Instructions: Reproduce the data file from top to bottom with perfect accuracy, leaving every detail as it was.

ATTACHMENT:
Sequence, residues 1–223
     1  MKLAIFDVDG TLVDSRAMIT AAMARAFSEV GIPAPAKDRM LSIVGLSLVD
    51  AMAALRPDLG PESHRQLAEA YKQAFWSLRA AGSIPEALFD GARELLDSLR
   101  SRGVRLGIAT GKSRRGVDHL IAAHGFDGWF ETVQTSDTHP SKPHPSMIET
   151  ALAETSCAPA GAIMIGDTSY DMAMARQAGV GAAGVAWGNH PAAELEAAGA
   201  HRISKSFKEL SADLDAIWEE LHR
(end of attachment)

Sequence, residues 1–223
     1  MKLAIFDVDG TLVDSRAMIT AAMARAFSEV GIPAPAKDRM LSIVGLSLVD
    51  AMAALRPDLG PESHRQLAEA YKQAFWSLRA AGSIPEALFD GARELLDSLR
   101  SRGVRLGIAT GKSRRGVDHL IAAHGFDGWF ETVQTSDTHP SKPHPSMIET
   151  ALAETSCAPA GAIMIGDTSY DMAMARQAGV GAAGVAWGNH PAAELEAAGA
   201  HRISKSFKEL SADLDAIWEE LHR